"WR6_gUnUj-ztiW07KQcOCnTel9A"/> Notes From Atlanta: Time to Change Nigeria’s National Flag

Saturday, October 27, 2012

Time to Change Nigeria’s National Flag

By Farooq A. Kperogi, Ph.D.

Nigeria undoubtedly has one of the world’s worst designed flags. It is unimaginative, aesthetically unpleasant, and sterile in imagery and symbolism. It is one of only few national flags I know that repeat one bland color twice and that does not faithfully depict the culture, peculiarities, and history of the people it purports to typify. 


This may seem like a trivial subject-matter--and maybe it is-- but recent events in Nigeria should cause us all to question our representational images and the relation of those images to our experiential realities. As children in primary school, we were taught that the green in our flag represents agriculture and that the white represents peace. Contemporary Nigeria, as we all know, is anything but an agricultural and peaceful country.

But before I dissect the representational inexactitude of our flag, let me examine its creativity deficit. I have never been able to wrap my head around the justification for the repetition of the color green in our national colors. You would think the color green was in danger of going out of circulation and needed to be captured and curated on a flag—or that the scores of color types that could be worthy symbols of our everyday realities suddenly developed wings and took a flight from the earth.

Are colors the only symbolic representations we can invoke to depict our culture, peculiarities, and history? What about the awe-inspiring, time-honored rivers that course through the length and breadth of our country’s landscape; the rich, labyrinthine tapestry of our history; our uniquely sumptuous culinary treats; our valiant pre-colonial empires and their extravagantly elegant royalty; our creative orthographic inventions such as Ajami in northern Nigeria and Nsibidi in southeastern Nigeria? 

What about our rich ethnic and linguistic diversity? What about the creative genius of our art and craft and the fascinating meteorological diversities of our regions? And so on and so forth. Why is none of these captured representationally on our national flag?

It takes little or no imagination to design a flag with two mind-numbingly commonsensical colors. In fact, it takes a spectacular lack of imagination to design the kind of uninspired and uninspiring flag that Nigeria hoists. It fills me with enormous shame that we call that irredeemably nondescript esthetic embarrassment our national flag. Yet, a certain 73-year-old man by the name of Michael Taiwo Akinkumi, who claims to have “designed” our national flag, perennially bewails that he has not been sufficiently rewarded by the Nigerian government for his “genius.”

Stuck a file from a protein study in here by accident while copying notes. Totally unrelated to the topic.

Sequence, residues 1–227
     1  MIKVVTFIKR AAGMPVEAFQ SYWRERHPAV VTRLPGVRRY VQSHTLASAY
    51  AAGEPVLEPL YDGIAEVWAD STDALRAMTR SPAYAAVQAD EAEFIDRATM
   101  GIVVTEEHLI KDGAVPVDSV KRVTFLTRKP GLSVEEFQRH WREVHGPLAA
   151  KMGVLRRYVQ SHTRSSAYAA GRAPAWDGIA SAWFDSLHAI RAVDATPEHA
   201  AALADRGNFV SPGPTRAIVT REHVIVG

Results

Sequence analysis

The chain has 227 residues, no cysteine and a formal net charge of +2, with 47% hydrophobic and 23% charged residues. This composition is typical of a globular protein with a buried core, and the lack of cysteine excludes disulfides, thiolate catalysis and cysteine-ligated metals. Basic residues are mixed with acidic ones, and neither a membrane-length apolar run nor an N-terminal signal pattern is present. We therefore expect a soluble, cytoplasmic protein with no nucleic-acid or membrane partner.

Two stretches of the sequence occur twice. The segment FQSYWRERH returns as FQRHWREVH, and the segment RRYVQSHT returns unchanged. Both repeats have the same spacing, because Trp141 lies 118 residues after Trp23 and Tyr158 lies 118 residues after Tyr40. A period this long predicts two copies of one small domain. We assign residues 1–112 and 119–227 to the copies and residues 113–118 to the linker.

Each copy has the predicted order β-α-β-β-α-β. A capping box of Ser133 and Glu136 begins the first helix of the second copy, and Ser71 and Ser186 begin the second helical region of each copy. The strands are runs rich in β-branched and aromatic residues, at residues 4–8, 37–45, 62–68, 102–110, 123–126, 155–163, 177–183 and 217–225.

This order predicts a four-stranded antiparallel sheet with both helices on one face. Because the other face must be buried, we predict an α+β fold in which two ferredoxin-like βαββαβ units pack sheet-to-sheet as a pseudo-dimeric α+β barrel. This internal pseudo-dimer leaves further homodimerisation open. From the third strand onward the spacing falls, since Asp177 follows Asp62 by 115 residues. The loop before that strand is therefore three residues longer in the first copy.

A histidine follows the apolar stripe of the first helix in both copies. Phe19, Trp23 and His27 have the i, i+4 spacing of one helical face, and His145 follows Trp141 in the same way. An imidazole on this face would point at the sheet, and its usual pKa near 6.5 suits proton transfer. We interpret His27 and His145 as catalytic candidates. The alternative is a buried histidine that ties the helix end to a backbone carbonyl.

During every Independence Day celebration, our newspapers never fail to tell us how Mr. Akinkunmi, an Owu man from Abeokuta who lives in Ibadan, is mired in grubby poverty in spite of having the “distinction” of “designing” Nigeria’s flag. If I wasn’t brought up to respect old age, I would have suggested that we start a national ritual of flogging the man every October 1st until we come up with a more creative and befitting national flag!

To be fair to the man, though, his original entry, according to the Wikipedia entry on the Flag of Nigeria, “had a red sun with streaming rays placed at the top of the white stripe.” But the judges, who chose his design as the best out of thousands of entries, removed the red sun. Any wonder we’ve been enveloped by metaphorical and literal darkness since independence? I imagine that the judges were British colonialists, since this competition took place in 1959 when Nigeria was still under the yoke of British colonialism. What could be the judges’ motivation for foisting a bland, colorless (never mind that it has two colors!), and uninspiring flag on us? Your guess is as good as mine.

But we have been “independent” from British colonial rule for 52 years now. Isn’t it about time we rethought the colors and design of our national flag? For one, it is a holdover from colonialism; it wasn’t a product of a post-independence effort. Since we changed our colonially inherited national anthem (which, sadly, is worse than its predecessor in content, cadence, and creativity) we can also change our national flag. It isn’t a sacred symbol, after all. In any case, it’s customary for countries to redesign their national flags—if they have a reason to. Britain’s national flag, for instance, has been changed many times since 1603 when it was first designed.

And we have many good reasons to change ours. Nigeria is no longer the agricultural country it was when the flag was conceived and designed. The groundnut pyramids of the pre-independence and post-independence eras in northern Nigeria have evaporated into thin air. The cocoa farms in southwest Nigeria have been lost irretrievably. All over Nigeria, we have condemned ourselves to subsistence farming.

So agriculture—or whatever the green in our national flag represents—isn’t a faithful representation of who we are now. It’s doubly shameful that we have repeated that representation twice in our flag. If anything needs representing on our flag, it is a color that signifies our dependence on oil. Of course, that, too, would be shortsighted since oil is a fleeting natural endowment.

And peace? Oh, please! Given the mindless, ever-present, fratricidal bloodshed that has been our lot since independence—and that seems to be deepening with every passing day—we should spare the world the horror of calling ourselves a peaceful nation.

We have no business having a green-white-green national flag.
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